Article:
3. There's nothing the TSA can really do, but idiots demand they do something and the only something that passengers can observe is how much they're being inconvenienced?
I lean towards the last one, with a slim chance of the first one.

Blogging continues to be very light over Christmas. On the plus side, the (unheated) pool is now cleaned and ready for the two months of service we can expect from it, given the weather here. Ira's been greatly enjoying runs into the ocean as well - he especially likes it when waves almost splash his face. We really need to learn to carry swim gear whenever we leave the house with him; odds are he'll lead us to the beach, and if Ira gets to the beach, chances are he'll want to get into the water. Last time, my shirt served as his towel....

Wednesday 23 December 2009

Mechanism design - academia

Presumably the government and the Tertiary Education Commission have figured out a clever mechanism design solution for the problem highlighted by Walker here. In short, University funding in New Zealand will soon be linked to student grades.

Of course, the equilibrium to that game, as Paul notes, is everyone gets an A+. The more respectable institutions would take longer to reach that equilibrium, but you can only watch the dodgy places rake in the cash for giving folks an A+ for taking a free CD-Rom for so long. The only workaround I can think of is moving back to purely external assessment, with all papers being graded offshore.

The Press article notes that while funding will initially be linked to student results, it'll eventually move to being linked to graduates' eventual jobs. I wonder how they'll track that. We don't even know where most of our undergrads wind up. What do they do with the large chunk of students who head overseas for their OE after finishing University?

This could all prove interesting. If it's the simple "first grades, then whether employed (or salary on employment)", the equilibrium is grade inflation plus refusing admission to anyone with a poor statistical chance of achieving decent employment outcomes.

Trigger threshold

Ok. Tyler recommended watching this review of The Phantom Menace, all 70 minutes of it. I know Tyler walks out of movies within minutes if they suck, and still I didn't watch follow the link. Then Chris Blattman also recommended it strongly. Ok, that's hit my threshold. I'm not disappointed. You should watch it too.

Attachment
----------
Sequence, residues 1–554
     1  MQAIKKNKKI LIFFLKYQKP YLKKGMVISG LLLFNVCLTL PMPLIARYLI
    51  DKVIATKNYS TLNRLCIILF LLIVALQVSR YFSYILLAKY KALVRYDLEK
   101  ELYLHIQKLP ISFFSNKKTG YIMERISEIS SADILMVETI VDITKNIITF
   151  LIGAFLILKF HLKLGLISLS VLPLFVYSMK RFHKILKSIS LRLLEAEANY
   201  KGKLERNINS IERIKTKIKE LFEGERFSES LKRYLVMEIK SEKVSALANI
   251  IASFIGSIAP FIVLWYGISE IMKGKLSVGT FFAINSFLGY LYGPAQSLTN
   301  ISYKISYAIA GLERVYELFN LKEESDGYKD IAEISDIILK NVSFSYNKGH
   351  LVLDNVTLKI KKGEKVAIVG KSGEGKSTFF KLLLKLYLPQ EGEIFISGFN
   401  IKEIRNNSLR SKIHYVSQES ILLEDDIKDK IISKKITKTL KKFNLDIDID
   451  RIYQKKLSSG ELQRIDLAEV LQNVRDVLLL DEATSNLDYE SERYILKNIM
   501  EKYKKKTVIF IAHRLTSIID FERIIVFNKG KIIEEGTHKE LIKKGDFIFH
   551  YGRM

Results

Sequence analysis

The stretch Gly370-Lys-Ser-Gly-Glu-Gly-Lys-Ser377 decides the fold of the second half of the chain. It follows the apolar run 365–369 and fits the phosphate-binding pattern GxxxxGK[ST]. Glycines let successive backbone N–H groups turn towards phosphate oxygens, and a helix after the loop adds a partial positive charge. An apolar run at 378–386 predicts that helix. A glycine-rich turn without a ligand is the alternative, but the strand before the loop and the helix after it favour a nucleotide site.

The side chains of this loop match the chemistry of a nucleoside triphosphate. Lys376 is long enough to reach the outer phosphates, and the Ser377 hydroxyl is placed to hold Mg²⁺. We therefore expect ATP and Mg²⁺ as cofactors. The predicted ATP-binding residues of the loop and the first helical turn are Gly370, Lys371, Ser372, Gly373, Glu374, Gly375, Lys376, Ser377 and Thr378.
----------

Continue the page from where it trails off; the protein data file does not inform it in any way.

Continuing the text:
Tuesday 22 December 2009


I'd previously bemoaned the paucity of data on usage of the various welfare systems in New Zealand: the Domestic Purposes Benefit, the disability benefit, and so on. Long story short: they just don't have records sufficient for any aggregate analysis.

Today's Press has one anecdote, though: one gang-related family that's been on benefit for more than two decades and has received emergency assistance for swimming pool repairs on one of their many properties and for new tyres for their 2007 Chrysler. Farrar comments in horror. But Lindsay Mitchell sees the bigger picture: why can the Press get a full case history on one family when researchers are refused OIA requests on aggregate statistics? It feels a lot more like priming the public to accept some changes to the welfare system than honestly trying to assess the state of the system.

I'd emailed Paula Bennett's office after my last post, trying to get some of the kind of information that Lindsay has been trying to get -- I spend a week in my current policy issues class on poverty and welfare and wanted a better picture of the New Zealand stats. I suggested that if the problem were past records held in paper form, having some summer interns code the data would be pretty useful. Here's the reply I received from Hon. Ms. Bennett:
Dear Mr Crampton

Thank you for your email of 17 August 2009 regarding your recent request to the Ministry of Social Development for information about the lifetime uptake of benefits by beneficiaries.

You advise that you have been told that case records prior to 1996 are only held in paper format. I can advise that the Ministry's SWIFTI system did not exist before 1991. Because of the phased way that SWIFTI built to the functionality that it has today it does not contain full records of people who started their first spell on benefit prior to 1996.